Christian Bowers has the biggest voice and, as his character Maximilian, the largest ego as well. His unabashed self-love is so amusing and his voice so “loverly” he nearly steals the show. Kristen Choi as the sexy minx Paquette rounds out this group of young folk and sings most delightfully. Their quartets were magical.
David Garrison in the dual role of Voltaire and Dr. Pangloss reminded me of F. Murray Abrams. He carries all the exposition of this picaresque adventure. Again I marvel that under Zambello’s directing, the school room scene where he expounds as the learned quack of a teacher becomes, for perhaps the first time, philosophically revelatory. Q.E.D. There were times in this first performance where I thought he might have got tied in knots. But the ensemble soon righted things for “the best of all possible” musicals.
Marietta Simpson as the Old Lady, Andrew Marks Maughan as the loyal Cacambo, Matthew Scollin as Martin voicing all that is opposite to Pangloss’ teachings of optimism make great contributions to the show and create strong characters that have become etched into my mind. The chorus, like many of the named cast, are all terrific, and they change in and out of different characters with dizzying speed, making it all seem the most fun in the world.
All the business and props, seemed to be invented on the spot with this theatrical stage, and all were marvelously simple solutions. The Baroness in her brief scene was dressed in a two-dimensional “front piece” to indicate her girth and over her head hung a birdcage of a pompadour which was then whisked away when no longer needed. The blackboard served time and again to help us understand the map that drives this tale, as in our narrator’s drawing with many loops and criss-crosses the “direct route” across water our little band of folk was taking.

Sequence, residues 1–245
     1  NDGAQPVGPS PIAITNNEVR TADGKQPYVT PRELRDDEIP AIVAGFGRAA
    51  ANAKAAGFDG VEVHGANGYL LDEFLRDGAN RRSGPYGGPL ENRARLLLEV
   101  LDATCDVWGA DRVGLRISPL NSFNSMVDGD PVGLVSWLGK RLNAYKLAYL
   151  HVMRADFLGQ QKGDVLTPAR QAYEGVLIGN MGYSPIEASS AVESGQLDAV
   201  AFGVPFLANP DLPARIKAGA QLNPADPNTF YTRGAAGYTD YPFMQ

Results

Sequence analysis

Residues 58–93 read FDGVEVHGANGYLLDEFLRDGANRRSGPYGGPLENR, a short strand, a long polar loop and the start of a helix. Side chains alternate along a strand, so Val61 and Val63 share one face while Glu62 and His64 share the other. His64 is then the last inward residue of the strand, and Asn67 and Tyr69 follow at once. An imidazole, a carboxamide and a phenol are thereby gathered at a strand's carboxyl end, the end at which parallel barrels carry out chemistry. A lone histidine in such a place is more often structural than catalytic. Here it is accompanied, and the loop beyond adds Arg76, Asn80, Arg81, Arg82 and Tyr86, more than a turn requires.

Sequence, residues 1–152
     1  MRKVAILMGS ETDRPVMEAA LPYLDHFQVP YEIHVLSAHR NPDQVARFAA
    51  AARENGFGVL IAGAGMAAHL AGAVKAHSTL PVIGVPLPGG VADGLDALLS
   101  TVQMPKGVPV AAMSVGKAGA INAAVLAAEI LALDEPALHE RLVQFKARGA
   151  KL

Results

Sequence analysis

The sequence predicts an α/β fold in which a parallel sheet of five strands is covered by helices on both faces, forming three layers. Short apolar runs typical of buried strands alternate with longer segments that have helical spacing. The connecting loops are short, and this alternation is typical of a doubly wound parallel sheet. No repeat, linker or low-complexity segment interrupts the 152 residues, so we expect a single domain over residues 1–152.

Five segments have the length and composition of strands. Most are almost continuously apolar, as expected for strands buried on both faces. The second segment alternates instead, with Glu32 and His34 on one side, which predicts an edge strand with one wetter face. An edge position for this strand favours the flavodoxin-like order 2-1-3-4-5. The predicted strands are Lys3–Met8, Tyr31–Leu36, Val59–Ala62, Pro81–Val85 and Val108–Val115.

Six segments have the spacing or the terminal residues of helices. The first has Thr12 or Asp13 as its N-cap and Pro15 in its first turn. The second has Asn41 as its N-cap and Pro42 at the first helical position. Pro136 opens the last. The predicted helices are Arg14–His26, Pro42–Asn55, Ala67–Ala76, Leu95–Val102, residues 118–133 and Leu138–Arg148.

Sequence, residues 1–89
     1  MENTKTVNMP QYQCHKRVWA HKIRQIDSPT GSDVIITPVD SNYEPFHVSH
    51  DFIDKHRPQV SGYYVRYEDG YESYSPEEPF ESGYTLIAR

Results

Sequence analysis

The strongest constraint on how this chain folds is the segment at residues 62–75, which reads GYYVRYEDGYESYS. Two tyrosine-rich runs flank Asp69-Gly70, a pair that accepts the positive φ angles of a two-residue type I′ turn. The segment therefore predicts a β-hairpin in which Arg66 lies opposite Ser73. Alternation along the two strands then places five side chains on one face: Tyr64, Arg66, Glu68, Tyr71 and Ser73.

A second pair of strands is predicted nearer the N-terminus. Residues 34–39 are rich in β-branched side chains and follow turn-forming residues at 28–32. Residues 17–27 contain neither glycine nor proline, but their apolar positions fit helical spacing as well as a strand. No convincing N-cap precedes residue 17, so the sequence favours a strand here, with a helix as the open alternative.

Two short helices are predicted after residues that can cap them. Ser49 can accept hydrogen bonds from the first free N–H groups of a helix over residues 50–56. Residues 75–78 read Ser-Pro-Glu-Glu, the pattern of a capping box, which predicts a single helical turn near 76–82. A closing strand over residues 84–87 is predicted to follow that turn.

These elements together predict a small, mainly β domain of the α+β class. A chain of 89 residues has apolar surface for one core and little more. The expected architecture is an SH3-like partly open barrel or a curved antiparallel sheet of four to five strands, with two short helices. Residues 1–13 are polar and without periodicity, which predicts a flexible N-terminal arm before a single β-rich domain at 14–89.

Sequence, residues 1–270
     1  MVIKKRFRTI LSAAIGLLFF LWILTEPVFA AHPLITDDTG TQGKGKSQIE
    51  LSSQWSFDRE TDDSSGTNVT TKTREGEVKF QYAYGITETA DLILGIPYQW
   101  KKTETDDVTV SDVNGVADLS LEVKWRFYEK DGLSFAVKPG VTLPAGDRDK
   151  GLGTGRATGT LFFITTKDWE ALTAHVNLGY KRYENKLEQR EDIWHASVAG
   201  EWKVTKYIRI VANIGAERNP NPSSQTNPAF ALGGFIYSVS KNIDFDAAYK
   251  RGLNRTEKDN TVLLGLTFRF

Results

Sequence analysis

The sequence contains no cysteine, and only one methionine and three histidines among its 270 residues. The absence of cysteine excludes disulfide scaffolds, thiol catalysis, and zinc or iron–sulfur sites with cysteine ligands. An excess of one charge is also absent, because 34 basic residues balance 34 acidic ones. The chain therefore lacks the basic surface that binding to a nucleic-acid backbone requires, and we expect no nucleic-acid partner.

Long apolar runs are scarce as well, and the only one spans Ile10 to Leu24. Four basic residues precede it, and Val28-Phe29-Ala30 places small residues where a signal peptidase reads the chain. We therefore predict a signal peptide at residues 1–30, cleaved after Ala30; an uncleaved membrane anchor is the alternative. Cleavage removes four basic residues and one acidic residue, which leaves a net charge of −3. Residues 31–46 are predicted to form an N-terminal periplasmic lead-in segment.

Occasionally, an image or a scene would seem to linger to make a deeper and more lasting impression as in the land of El Dorado, which was depicted as the Las Vegas palace of the same name, complete with strutting showgirls and plenty of glitz.
The design team of James Noone, (Scenery), Jennifer Moeller (Costumes) and Mark McCullough (Lighting) worked their own magic. The energy was infectious and seemed to highlight all that is magical in the best of all possible summer companies.
Candide Composed by Leonard Bernstein . Lyrics by Richard Wilbur (also Stephen Sondheim, John Latouche, Lillian Hellman, Dorothy Parker and Leonard Bernstein) . Book adapted from Voltaire by Hugh Wheeler in a new version by John Caird . Conducted by Joseph Colaneri . Stage Direction by Francesca Zambello . Produced by Glimmerglass Festival . Reviewed by Susan Galbraith.